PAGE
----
The Association of University Technology Managers (AUTM) has reportedly announced that university start ups and licensing activity were unaffected at the height of the recession in 2009.AUTM’s fiscal year (FY) 2009 survey found that 569 new companies were formed as a result of university research, one more than those created in FY 2008. While licensing revenue reportedly declined 32.5 percent, AUTM apparently attributed the drop to extraordinary partial royalty buyouts in 2007 and 2008 that were not repeated in 2009. The number of licenses apparently increased 5.6 percent in FY 2009. According to AUTM President Ashley Stevens, the survey results reveal “that universities were able to maintain their level of start-up company creation [in 2009],” and noted, “[t]he majority of these start-ups are located in the licensing institution’s home state . . . further proof that the Bayh-Dole Act continues to have a positive impact on local economies.” See PatentDocs.org, October 7, 2010.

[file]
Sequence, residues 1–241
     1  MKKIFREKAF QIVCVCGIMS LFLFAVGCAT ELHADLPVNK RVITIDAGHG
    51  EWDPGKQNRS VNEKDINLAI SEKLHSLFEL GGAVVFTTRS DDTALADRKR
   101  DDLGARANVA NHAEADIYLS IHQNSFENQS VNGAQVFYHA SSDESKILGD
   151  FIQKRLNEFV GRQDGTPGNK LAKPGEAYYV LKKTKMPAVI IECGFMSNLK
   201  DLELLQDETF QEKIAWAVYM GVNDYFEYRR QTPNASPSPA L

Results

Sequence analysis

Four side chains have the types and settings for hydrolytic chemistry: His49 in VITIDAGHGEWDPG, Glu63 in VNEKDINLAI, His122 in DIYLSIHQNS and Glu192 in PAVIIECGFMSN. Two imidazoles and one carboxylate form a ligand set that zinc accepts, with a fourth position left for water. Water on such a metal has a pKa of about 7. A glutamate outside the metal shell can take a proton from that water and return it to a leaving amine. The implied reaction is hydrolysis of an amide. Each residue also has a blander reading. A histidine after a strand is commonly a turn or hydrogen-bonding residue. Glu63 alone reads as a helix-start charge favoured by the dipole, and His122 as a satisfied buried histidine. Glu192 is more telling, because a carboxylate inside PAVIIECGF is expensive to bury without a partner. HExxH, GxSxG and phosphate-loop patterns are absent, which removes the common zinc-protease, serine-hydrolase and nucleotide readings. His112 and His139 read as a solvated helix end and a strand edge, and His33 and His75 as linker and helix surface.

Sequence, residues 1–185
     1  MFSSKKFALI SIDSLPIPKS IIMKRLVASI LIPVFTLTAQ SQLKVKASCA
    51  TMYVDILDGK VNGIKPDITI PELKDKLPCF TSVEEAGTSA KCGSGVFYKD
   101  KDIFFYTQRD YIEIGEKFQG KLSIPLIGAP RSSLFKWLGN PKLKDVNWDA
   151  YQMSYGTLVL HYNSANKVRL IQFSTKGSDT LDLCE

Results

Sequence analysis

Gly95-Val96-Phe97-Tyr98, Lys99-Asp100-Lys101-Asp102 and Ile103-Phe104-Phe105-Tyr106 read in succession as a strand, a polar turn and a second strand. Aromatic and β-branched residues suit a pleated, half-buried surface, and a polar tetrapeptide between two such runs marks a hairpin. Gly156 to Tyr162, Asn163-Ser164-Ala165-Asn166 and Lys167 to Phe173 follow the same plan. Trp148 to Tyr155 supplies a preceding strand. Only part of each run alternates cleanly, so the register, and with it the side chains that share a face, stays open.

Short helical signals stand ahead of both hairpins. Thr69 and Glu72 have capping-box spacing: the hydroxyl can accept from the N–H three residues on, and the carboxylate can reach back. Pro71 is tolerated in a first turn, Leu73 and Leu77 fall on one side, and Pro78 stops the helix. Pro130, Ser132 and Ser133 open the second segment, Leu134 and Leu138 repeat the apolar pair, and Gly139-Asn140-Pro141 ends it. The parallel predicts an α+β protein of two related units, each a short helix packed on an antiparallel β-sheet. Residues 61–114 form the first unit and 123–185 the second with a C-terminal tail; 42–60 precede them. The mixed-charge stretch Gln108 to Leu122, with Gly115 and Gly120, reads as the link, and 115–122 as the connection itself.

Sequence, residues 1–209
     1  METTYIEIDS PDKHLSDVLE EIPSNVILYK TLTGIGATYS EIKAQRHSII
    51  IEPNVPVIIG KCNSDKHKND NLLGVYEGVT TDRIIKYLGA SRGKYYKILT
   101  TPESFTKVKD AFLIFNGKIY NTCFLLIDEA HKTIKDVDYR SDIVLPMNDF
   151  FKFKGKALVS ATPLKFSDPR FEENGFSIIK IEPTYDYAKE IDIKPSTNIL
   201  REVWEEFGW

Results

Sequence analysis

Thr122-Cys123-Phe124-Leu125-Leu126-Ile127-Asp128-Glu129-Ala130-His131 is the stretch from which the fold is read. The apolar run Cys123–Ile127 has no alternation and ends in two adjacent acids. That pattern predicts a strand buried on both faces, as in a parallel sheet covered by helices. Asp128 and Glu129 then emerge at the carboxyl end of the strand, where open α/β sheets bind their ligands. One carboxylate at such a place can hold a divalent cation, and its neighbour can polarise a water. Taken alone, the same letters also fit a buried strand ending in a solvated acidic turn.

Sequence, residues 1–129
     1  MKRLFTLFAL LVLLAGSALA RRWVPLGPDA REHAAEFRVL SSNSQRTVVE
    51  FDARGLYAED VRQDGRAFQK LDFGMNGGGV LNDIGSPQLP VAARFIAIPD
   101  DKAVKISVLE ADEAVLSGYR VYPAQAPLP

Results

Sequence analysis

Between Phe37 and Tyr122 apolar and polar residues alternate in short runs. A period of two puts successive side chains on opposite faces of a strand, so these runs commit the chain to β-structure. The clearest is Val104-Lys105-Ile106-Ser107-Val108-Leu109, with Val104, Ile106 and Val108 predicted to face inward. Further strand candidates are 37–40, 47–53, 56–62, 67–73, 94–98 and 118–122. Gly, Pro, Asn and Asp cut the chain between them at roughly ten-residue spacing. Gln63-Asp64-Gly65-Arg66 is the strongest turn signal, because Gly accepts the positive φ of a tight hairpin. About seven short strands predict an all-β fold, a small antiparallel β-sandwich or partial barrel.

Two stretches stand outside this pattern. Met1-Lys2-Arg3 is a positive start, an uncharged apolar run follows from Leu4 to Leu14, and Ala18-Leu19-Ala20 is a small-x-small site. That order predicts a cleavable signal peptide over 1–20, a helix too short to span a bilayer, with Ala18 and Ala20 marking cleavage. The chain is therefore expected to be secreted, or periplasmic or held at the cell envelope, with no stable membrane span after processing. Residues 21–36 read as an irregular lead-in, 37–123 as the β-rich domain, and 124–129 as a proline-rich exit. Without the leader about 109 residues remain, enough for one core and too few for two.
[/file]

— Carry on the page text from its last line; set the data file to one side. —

In a related development, the National Research Council reports that the Bayh-Dole Act, which changed the law to allow universities to retain ownership of intellectual property developed under grants from federal agencies, has effectively made research advances publicly available and spurred innovation. Before the law was enacted in 1980, the government owned the intellectual property it funded and could license it to companies for use in new products and services. According to the report, very little federally funded research was commercialized. Since 1980, however, patenting and licensing activity has apparently accelerated. Still, the report recommends improving the current system by standardizing licensing contracts, creating independent oversight of relationships between faculty and university technology transfer offices and developing mechanisms for resolving disputes when faculty believe their inventions are being ignored or mishandled. See National Academies Press Release, October 4, 2010.